3. Materials and Methods

3.1. Methodology

The model proposed in this study consists of three equations estimated jointly. The first is a conventional linear formulation that examines the share of government spending over economic growth, augmented by macro-economic variables coupled with macro-governance variables. The second expresses the non-linear relation by introducing a quadratic function in the government spending variable, such that the direction of the variable indicates the shape of the non-linear quadratic nexus between government spending and economic growth, in which a “… positive direction indicates a U-shaped nexus; conversely, the negative direction indicates an inverse U-shaped nexus” (Alnori 2020). The third equation is a cubic formulation of government spending, in which the consistent sign between government spending and government spending cubed indicates a non-linear cubic relation, while a positive sign for both variables indicates an N-shaped non-linear nexus, and a negative sign indicates an inverse N-shaped relation between government spending and economic growth ((Shahbaz et al. 2019).
The estimates are constructed based upon unbalanced panel regression by building on existing empirical models to reveal government spending’s potential effect on economic growth using pooled ordinary least squares (POLS) (Beckmann et al. 2016; Sekrafi and Sghaier 2018; Linh et al. 2019; Miniesy and AbdelKarim 2021). Specifically, the linear regression model is presented as:
E G i t = β 0 + β 1   G S i t + β 2 FDI i t 2 + β 3   INF i t + β 4   EXR i t + β 5   IRR i t + β 6 VA i t + β 7   PS i t + β 8   GS i t + β 9   RQ i t + a i + y t + ε i t
in which i is country; t is time; EG is the dependent variable (economic growth using real GDP growth rate as a proxy); GS is percentage change of real government spending and other macroeconomic variables—FDI (foreign direct investment), INF (Inflation) EXR (effective exchange rate), and IRR (real interest rate); VA is voice and accountability; PS is political stability; GS is government effectiveness; RQ is regulatory quality (macro-governance factors); a i is a set of country fixed effect, y t is a year-fixed effect; and ε i t is the error term (assumed to be distributed normally).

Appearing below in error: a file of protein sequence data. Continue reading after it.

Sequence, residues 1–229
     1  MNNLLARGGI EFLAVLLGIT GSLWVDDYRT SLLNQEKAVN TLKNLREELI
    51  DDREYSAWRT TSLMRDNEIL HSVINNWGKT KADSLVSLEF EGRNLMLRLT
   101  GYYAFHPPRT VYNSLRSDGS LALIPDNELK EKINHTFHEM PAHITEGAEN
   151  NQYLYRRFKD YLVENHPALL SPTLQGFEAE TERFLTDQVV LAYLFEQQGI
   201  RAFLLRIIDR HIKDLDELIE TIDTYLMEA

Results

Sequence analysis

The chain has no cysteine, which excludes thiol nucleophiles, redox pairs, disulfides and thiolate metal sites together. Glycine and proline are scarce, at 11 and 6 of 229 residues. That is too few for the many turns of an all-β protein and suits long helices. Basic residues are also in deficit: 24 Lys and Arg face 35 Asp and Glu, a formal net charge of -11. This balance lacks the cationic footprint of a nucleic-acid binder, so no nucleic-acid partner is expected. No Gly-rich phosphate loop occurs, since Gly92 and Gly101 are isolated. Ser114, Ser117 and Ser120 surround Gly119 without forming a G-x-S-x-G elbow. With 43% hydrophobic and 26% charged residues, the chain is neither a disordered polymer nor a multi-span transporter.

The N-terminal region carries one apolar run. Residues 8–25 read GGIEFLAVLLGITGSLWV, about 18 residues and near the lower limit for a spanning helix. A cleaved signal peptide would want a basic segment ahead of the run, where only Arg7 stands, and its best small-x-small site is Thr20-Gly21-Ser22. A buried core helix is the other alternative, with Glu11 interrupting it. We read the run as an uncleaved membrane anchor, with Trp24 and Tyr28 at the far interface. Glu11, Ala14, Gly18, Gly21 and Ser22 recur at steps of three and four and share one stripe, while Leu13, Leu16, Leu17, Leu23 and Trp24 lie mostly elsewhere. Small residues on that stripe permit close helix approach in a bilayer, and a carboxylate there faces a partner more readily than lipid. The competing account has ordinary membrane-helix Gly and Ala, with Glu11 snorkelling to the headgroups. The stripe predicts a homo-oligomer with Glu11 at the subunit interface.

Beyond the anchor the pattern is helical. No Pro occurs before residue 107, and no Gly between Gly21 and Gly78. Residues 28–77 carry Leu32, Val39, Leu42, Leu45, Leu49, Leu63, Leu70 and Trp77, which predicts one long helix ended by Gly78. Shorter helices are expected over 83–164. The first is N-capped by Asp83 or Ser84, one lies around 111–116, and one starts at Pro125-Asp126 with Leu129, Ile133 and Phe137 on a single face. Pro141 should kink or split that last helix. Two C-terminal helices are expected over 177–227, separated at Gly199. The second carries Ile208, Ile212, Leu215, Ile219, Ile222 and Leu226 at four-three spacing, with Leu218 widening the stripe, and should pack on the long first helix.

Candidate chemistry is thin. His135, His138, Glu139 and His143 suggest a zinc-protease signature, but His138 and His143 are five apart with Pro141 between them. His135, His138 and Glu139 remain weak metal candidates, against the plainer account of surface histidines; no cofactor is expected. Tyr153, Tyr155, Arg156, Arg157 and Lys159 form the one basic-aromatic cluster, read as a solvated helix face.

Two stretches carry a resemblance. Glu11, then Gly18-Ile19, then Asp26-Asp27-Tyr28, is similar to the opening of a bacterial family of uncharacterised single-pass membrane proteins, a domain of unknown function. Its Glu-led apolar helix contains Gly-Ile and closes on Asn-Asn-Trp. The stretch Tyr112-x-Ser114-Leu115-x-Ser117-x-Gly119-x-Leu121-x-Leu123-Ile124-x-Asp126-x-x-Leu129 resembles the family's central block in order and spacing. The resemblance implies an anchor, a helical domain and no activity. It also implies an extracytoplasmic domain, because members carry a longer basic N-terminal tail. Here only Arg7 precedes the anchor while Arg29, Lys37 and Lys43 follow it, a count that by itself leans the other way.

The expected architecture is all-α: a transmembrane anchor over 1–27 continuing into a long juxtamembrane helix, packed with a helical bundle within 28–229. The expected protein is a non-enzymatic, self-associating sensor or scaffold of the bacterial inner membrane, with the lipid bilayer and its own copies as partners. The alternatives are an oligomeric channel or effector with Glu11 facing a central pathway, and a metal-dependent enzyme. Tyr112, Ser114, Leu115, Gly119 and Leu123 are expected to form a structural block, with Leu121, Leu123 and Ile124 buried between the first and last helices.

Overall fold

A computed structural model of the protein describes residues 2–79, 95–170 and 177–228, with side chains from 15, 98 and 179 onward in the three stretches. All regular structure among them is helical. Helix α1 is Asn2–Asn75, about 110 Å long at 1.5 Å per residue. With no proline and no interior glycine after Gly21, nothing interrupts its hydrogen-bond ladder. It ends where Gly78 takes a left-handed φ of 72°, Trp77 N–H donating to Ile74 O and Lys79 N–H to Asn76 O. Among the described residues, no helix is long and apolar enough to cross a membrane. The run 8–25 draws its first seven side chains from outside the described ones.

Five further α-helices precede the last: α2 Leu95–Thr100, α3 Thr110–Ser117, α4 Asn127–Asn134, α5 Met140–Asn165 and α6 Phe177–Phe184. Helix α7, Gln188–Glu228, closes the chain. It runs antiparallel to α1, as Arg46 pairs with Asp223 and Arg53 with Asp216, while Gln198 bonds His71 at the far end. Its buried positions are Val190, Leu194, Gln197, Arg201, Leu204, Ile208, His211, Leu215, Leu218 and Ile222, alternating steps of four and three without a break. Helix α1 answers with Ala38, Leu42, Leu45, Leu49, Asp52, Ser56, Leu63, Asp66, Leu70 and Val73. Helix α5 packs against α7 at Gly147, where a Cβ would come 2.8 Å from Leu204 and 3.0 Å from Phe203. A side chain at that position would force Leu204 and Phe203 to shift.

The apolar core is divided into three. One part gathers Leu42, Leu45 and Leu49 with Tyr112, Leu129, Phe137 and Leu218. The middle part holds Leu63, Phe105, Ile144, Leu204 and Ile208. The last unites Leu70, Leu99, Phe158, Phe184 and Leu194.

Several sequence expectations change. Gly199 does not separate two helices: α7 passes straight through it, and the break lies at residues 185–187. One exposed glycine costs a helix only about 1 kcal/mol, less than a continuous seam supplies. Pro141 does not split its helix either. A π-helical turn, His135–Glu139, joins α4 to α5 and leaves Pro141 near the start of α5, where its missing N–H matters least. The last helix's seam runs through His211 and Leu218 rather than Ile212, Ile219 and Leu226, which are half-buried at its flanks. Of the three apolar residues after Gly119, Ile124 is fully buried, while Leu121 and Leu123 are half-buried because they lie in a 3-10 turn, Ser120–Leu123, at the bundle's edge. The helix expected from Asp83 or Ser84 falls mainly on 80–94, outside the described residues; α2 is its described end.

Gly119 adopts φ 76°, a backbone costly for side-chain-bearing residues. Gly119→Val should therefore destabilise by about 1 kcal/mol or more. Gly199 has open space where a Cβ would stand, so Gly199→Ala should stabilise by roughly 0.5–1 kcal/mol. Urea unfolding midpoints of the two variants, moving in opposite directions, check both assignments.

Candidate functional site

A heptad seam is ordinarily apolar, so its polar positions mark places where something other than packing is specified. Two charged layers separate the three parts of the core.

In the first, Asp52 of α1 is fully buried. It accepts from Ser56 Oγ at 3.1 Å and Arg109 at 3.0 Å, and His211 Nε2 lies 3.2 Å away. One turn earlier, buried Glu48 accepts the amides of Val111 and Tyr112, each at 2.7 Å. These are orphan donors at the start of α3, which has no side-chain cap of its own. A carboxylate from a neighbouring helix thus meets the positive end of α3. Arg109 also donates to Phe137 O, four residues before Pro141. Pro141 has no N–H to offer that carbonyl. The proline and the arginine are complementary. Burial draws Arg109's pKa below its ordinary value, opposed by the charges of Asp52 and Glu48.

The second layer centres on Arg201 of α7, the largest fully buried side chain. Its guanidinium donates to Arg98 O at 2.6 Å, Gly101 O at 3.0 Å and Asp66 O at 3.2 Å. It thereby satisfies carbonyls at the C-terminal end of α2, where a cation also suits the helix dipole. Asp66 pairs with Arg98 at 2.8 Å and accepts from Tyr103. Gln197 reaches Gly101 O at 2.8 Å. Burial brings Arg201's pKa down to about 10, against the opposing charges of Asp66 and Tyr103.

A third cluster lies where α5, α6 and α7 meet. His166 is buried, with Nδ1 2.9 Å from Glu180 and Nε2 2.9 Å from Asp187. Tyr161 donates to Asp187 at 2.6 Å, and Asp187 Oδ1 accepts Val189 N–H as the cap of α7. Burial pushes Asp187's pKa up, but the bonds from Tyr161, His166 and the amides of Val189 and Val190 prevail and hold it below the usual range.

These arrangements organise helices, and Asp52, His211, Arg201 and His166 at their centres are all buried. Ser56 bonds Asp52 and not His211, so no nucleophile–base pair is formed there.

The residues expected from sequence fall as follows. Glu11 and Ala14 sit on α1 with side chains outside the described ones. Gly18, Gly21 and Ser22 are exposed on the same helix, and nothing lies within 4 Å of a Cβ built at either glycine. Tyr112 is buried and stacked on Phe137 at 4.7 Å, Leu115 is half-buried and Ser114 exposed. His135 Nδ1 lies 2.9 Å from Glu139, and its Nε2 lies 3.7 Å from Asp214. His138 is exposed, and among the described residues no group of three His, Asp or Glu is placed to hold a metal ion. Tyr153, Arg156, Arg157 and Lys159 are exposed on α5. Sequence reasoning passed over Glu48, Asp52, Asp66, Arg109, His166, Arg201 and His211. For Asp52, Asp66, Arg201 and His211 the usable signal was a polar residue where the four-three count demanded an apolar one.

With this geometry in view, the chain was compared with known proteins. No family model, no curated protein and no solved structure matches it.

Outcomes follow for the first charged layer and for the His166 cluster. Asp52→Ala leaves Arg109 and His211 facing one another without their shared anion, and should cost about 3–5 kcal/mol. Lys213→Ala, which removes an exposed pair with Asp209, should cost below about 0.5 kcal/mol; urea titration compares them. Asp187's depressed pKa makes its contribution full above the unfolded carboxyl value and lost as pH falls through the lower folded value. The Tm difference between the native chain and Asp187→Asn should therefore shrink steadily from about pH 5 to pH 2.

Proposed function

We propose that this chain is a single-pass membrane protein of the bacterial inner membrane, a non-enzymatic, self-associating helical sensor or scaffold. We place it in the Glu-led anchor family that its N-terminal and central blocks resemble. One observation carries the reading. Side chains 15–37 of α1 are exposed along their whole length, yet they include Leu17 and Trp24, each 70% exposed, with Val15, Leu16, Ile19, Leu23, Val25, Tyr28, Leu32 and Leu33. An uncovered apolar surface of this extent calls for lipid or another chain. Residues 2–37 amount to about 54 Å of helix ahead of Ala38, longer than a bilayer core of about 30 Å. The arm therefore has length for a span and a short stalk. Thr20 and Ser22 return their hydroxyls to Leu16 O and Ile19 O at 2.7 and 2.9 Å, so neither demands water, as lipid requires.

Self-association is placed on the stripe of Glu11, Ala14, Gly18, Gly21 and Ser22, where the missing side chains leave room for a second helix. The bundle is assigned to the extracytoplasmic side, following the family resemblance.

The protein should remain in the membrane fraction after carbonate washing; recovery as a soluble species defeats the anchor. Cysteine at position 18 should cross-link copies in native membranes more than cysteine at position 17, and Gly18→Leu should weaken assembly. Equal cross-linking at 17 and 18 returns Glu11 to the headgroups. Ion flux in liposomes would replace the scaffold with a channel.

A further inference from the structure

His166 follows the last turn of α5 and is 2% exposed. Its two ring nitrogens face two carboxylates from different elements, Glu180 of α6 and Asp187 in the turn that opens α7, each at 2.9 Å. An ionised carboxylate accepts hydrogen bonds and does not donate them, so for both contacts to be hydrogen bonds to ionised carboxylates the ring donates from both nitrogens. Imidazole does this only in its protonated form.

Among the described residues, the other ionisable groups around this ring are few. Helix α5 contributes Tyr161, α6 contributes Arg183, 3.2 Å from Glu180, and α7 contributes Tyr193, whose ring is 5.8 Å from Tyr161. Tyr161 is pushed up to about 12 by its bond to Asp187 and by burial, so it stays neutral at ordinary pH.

Nevertheless, the linear model may not take into account multifaceted effects of government spending on economic growth, as well as its asymmetric behavior or structure (Halkos and Paizanos 2013). Accordingly, the study follows empirical research on macroeconomic indicators by first developing the nonlinear quadratic formulation derived from Equation (1) to investigate the effect of government spending’s asymmetric behavior on economic growth (Olaoye et al. 2020; Wu et al. 2020). Thus, the nonlinear quadratic regression model can be expressed as:
E G i t = β 0 + β 1   G S it + β 2 G S it 2 + β 3   F D I i t + β 4   I N F i t + β 5   E X R i t + β 6 I R R i t                   + β 7   V A i t + β 8   P S i t + β 9   G S i t + β 10   R Q i t + a i + y t + ε i t
in which G S 2 is government spending squared, used to disclose the nonlinear quadratic nexus between levels of government expenditure and the economic growth rate, particularly when G S and G S 2 have opposite and significant signs.
Although Equation (2) can serve to test the nonlinear relation between government spending and economic growth, there is still concern about the non-monotonic nexus between the two, which can produce positive and negative government spending shocks simultaneously and over time (Chen and Liu 2018; Pragidis et al. 2018; Atems 2019; Chen and Liu 2018; Olaoye et al. 2020). Consequently, the cubic formulation3 of government spending can control the non-monotonic nexus effect between government spending and economic growth (Ghosh et al. 2013; Halkos and Paizanos 2013; Bökemeier and Stoian 2018). Hence, the nonlinear cubic regression model can be written as follows, developed by the nonlinear cubic formulation Equation (3) (derived from Equation (2)):
E G i t = β 0 + β 1 G S it + β 2 G S i t 2 + β 2 G S i t 3 + β 4   F D I i t + β 5   I N F i t + β 6   E X R i t + β 7 I R R i t + β 8   V A i t + β 9   P S i t + β 10   G S i t + β 11   R Q i t + a i + y t + ε i t